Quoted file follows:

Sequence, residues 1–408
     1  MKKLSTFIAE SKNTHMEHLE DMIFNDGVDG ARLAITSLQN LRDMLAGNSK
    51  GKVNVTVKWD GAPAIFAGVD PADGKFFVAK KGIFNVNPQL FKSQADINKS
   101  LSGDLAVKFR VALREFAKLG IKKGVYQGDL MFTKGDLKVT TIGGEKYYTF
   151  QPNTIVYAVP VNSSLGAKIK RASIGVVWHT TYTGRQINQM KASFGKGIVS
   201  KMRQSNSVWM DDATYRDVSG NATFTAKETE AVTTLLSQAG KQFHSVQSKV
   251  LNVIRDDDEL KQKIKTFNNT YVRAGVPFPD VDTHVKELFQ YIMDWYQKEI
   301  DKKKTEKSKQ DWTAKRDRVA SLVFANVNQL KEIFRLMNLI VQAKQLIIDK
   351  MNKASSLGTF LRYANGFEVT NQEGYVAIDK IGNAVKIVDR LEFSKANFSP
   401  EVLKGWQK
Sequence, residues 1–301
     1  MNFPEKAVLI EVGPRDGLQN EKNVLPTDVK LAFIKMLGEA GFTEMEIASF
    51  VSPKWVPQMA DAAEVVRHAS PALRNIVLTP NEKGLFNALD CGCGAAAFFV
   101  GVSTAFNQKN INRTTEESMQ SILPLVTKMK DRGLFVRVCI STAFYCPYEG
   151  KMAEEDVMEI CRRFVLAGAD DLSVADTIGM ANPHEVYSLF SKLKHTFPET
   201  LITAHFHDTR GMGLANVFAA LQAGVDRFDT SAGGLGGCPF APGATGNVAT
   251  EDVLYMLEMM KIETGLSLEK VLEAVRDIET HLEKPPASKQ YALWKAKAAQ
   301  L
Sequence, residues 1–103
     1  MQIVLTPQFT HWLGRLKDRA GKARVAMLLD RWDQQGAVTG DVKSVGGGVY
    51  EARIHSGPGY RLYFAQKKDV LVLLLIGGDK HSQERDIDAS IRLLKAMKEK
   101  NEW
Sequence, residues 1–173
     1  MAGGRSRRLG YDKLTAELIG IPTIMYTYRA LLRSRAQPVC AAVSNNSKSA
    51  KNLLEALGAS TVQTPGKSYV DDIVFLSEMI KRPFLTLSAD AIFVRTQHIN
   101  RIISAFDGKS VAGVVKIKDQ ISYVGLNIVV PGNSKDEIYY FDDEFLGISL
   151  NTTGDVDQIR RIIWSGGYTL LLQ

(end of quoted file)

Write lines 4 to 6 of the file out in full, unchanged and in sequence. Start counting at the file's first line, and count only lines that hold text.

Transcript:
   101  LSGDLAVKFR VALREFAKLG IKKGVYQGDL MFTKGDLKVT TIGGEKYYTF
   151  QPNTIVYAVP VNSSLGAKIK RASIGVVWHT TYTGRQINQM KASFGKGIVS
   201  KMRQSNSVWM DDATYRDVSG NATFTAKETE AVTTLLSQAG KQFHSVQSKV